But she says even the older students have a hard time, with some worried that the masks may make them look uncool, or even cause them to break out.
“The other thing is, really start small in incremental time, and building as they see fit, as they’re tolerating it, rewarding that time that they have the masks on, and really doing fun things with the masks. If it’s a paper mask they can use stickers. If it’s fabric, they can use fabric paint on the outside. Find fabrics that are fun, you can even have wings off of them if you want to be an angel or something like that, it can be interactive with being a superhero and something they enjoy wearing,” she added.
She also warns parents to be mindful of kids with special needs to try out the masks that make them feel most comfortable.
And lastly, she recommends for parents to have a discussion with children to make sure they understand that if they need to take the mask off for a breather, that they are away from people.
Even though the weather is warm, experts who work with young students say this is the time to begin training kids to wear face masks for long periods.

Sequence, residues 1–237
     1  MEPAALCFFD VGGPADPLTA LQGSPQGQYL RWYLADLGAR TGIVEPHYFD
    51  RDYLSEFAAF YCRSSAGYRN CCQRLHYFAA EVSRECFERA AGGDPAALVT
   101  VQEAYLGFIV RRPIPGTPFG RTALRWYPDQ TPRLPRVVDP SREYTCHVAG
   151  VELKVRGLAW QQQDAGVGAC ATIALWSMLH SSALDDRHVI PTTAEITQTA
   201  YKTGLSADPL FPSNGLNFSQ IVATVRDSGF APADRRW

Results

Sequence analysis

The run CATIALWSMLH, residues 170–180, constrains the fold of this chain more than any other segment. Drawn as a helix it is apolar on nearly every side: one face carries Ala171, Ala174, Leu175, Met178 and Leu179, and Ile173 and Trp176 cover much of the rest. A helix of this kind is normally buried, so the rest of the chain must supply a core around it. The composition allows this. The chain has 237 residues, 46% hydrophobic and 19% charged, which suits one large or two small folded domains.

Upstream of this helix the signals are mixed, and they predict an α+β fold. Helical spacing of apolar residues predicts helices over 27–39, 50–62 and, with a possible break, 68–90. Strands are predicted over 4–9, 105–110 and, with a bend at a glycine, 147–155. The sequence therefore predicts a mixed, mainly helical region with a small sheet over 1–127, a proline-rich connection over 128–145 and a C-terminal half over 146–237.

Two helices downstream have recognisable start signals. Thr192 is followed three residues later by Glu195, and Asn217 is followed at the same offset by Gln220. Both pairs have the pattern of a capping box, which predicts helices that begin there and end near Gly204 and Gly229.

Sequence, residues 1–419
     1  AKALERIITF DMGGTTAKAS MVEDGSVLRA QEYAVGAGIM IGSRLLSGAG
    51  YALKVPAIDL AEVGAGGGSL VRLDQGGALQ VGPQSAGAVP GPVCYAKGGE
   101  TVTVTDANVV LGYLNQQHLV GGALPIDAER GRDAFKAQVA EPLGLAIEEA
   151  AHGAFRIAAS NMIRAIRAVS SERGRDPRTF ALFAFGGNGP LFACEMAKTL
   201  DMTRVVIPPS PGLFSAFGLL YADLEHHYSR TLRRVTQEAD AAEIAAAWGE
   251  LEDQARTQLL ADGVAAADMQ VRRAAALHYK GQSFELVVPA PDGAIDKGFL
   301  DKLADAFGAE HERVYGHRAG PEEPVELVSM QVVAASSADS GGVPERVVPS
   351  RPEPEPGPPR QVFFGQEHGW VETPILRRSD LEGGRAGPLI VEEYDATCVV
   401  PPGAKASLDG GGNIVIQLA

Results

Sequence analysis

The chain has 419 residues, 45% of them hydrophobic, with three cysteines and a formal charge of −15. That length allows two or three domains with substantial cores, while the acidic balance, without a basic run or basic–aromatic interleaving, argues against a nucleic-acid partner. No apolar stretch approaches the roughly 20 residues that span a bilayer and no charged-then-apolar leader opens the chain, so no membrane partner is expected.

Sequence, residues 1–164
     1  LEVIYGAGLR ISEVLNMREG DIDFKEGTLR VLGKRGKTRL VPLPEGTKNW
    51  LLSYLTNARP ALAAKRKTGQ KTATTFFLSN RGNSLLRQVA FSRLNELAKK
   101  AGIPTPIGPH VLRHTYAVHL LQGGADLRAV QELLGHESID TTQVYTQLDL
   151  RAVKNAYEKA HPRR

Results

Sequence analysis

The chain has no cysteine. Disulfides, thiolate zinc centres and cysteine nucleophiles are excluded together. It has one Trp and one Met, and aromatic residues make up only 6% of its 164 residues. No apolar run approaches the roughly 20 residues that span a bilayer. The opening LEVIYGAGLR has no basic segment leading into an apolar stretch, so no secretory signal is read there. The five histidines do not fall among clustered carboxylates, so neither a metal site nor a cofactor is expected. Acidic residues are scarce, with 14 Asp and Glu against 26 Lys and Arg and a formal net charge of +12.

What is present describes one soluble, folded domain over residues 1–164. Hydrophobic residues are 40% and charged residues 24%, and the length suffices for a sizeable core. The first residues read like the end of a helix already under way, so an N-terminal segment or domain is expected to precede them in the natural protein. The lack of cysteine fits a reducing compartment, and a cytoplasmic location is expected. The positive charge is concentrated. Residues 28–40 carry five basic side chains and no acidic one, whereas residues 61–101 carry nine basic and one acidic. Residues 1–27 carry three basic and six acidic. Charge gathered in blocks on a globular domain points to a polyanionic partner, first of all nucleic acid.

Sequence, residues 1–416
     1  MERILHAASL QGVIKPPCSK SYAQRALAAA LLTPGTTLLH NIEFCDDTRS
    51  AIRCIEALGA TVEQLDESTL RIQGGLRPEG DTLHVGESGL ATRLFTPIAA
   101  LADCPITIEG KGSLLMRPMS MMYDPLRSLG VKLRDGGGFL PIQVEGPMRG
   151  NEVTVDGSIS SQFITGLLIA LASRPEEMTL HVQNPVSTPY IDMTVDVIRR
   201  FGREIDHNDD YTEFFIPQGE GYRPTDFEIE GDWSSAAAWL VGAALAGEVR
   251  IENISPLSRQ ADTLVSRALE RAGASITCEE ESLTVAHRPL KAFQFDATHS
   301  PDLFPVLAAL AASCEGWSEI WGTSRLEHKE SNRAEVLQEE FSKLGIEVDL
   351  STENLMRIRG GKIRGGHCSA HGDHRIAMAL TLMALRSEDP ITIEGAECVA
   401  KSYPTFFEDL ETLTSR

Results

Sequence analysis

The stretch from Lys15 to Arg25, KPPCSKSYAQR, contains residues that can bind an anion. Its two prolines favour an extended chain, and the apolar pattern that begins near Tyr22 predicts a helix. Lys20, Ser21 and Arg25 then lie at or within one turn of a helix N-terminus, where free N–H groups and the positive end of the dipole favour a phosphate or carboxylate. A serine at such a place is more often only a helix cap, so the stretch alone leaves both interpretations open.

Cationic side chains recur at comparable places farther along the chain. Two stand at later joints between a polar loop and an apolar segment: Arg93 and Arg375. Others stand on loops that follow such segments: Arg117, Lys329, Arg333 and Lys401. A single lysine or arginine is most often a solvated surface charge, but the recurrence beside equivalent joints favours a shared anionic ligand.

Mask use won’t be the only thing that changes in schools this year. Local schools planning to reopen including Denver Public Schools and JeffCo Public Schools will be screening for fevers, limiting shared equipment and asking students to maintain proper physical distancing. Of course, the struggle is real for younger students to keep their mask on. Nurses at Rocky Mountain Children’s Hospital have seen this daily.
Associate Chief of Nursing Laura-Anne Cleveland told CBS4 that it’s hard even for teens, but the recommendation is to have them wearing masks now so they feel more comfortable later.
“It gets to the point where you’ll see the more you practice at home – where it doesn’t matter where they mess-up, take it off, things like that – the more they get comfortable with having something on their face. You’ll see that they’re not adjusting it tons of times. Really you don’t want to nag them, but just like, ‘Do you see your nose?’ and make it a fun thing. It’s like Pinnochio – it’s just growing out of your mask,” Cleveland said.